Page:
Secondary Compressive Disease

Secondary Compressive Disease

Impingement or compressive symptoms may be secondary to underlying instability of the glenohumeral joint. Attenuation of the static stabilizers of the glenohumeral joint, such as the capsular ligaments and labrum from the excessive demands incurred in throwing or overhead activities, can lead to anterior instability of the glenohumeral joint. Because of the increased humeral head translation, the biceps tendon and rotator cuff can become impinged secondary to the ensuing instability. A progressive loss of glenohumeral joint stability is created when the dynamic stabilizing functions of the rotator cuff are diminished from fatigue and tendon injury.  The effects of secondary impingement can lead to rotator cuff tears as the instability and impingement continue.

Tensile Overload

Another etiological factor in rotator cuff injury is repetitive intrinsic stress overload. Heavy, repetitive eccentric forces borne by the posterior rotator cuff muscles during the deceleration and follow-up phases of overhead sports can lead to tendon overload failure. Pathological changes defined by Nirschl as "angiofibroblastic hyperplasia" occur in the early stages of tendon injury and can progress to rotator cuff tears due to ongoing stress overload. The investigation of Kraushaar and Nirschl, in a histological study of the extensor radialis brevis carpus, the primary tendon involved in lateral humerus epicondylitis, identified specific features inherent in an injured tendon. Based on their histopathological study, these researchers recommended using the term tendinosis, rather than tendonitis, to more precisely describe tendon injury. Histopathological studies of tendons taken from areas of chronic overuse in the human body do not show large numbers of macrophages, lymphocytes, or neutrophils. “Rather, tendinosis [sic] appears to be a degenerative process, characterized by the presence of dense populations of fibroblasts, vascular hyperplasia and disorganized collagen. Kraushaar and Nirshl noted that researchers don't know why tendinosis is painful, given the absence of acute inflammatory cells, or why collagen doesn't mature. In the biomechanical study of highly skilled throwers, the tensile stresses incurred by the rotator cuff during the arm deceleration phase of the throwing movement (to resist joint distraction, horizontal adduction and internal rotation) were approximately 1090 N. Acquired or congenital, capsular laxity and labial insufficiency can greatly increase the tensile stresses of the tendon units of the rotator cuff muscle. Macro traumatic tendon insufficiency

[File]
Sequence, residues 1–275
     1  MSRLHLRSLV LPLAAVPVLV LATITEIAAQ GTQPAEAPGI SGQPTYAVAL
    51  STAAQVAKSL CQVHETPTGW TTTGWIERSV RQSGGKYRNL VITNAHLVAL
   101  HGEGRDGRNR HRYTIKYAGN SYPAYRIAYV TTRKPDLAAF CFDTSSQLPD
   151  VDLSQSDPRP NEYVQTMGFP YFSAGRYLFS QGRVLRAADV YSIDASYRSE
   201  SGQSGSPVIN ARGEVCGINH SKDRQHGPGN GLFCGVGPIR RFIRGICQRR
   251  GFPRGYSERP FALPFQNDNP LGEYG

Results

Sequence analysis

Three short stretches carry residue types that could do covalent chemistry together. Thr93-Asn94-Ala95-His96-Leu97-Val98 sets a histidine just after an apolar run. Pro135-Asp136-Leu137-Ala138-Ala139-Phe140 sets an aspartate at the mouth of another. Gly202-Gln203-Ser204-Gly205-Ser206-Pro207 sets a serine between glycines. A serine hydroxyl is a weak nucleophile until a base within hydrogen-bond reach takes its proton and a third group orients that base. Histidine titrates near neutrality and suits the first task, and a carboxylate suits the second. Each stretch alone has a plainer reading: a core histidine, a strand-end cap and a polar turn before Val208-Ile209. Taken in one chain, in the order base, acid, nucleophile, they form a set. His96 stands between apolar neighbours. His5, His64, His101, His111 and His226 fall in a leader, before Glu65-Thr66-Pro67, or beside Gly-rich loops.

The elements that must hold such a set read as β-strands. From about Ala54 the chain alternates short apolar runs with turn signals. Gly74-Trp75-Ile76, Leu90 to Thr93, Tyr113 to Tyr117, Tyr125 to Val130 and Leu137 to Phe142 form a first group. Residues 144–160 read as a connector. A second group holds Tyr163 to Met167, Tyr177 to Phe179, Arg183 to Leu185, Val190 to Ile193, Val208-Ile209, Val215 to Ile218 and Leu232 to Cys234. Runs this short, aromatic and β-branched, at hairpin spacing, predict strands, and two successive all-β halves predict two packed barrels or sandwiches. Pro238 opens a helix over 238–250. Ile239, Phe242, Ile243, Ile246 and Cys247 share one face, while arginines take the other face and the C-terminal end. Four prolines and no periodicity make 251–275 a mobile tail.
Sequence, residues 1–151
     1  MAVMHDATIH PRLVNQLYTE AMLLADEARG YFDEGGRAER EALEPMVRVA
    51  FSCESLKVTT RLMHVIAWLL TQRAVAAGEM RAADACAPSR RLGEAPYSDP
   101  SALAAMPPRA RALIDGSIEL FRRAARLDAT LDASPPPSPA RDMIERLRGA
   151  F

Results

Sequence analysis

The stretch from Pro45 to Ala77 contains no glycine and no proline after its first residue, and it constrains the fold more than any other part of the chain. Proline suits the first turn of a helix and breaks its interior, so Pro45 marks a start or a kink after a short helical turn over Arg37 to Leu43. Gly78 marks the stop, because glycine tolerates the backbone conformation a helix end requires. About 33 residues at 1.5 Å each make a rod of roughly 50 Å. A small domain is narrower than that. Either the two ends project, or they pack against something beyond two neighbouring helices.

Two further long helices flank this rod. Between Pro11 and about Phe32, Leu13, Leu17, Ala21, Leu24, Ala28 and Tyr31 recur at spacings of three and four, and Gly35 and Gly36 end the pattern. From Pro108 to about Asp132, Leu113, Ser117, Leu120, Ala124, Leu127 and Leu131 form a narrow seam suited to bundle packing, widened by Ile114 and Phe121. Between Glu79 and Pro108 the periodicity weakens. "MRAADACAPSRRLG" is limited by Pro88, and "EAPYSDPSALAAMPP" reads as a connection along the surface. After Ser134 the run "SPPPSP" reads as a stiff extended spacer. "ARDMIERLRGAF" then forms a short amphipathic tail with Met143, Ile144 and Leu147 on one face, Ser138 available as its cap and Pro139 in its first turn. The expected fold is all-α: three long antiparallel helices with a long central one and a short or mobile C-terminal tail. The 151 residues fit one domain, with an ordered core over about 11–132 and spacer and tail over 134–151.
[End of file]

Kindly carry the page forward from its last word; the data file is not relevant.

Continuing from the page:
Unlike the rotator cuff classifications mentioned above, cases of macro-traumatic tendon insufficiency usually involve a previous or unique traumatic event in the patient's medical history. The forces encountered during the traumatic event are greater than the normal tendon can tolerate. Full-thickness rotator cuff tears, with bone avulsions of the greater tuberosity, can occur from single traumatic events. According to Cofield, normal tendon injuries do not occur easily because 30% or more of the tendon must be damaged to produce a substantial reduction in strength. Although the patient often reports a single traumatic event on subjective examination, resulting in tendon failure, repeated microtraumatic insults and degeneration over time may have created a substantially weakened tendon. The tendon eventually gave way under the heavy load described by the patient. Full-thickness rotator cuff tears require intensive surgical treatment and rehabilitation to achieve a positive functional outcome. 

Posterior or “Undersurface” Impingement

An additional cause for a lower surface rotator cuff tear in the shoulder of an athletic young man is called posterior, internal, or inferior impingement. This phenomenon was originally observed by Walch et al during shoulder arthroscopy with the shoulder positioned in the 90/90 position. By placing the shoulder in a position of 90 ° of abduction and 90 ° of external rotation causes the supraspinatus and infraspinatus tendons to rotate backwards. This more posterior orientation of the tendons aligns them so that the inferior surfaces of the tendons graze the posterior-superior glenoid labrum and pinch or compressed between the humeral head and the superior posterior glenoid border. Individuals who have Posterior shoulder pain caused by positioning the arm at 90 ° of abduction and 90 ° or more of external rotation, typically from elevated positions in sporting or industrial situations, can be considered as a potential candidate for inferior surface impingement. The presence of anterior translation of the humeral head. with maximum external rotation and abduction of 90, which was arthroscopically confirmed during the subluxation relocation test, it can produce mechanical friction and wear on the inferior surface of the rotator cuff tendons. The posterior deltoid can cause further damage if the rotator cuff is not functioning properly. The posterior deltoid angle of traction pushes the humeral head against the glenoid cavity and accentuates skeletal, tendon and labral injuries. Walch et al. Arthroscopically evaluated 17 throwing athletes with shoulder pain during throwing and found inferior surface impingement resulting in 8 partial thickness rotator cuff tears and 12 upper posterior lip injuries. Impact of the inferior surface of the rotator cuff to the posterior superior glenoid labrum may be a cause of painful structural disease in the overhead athlete.

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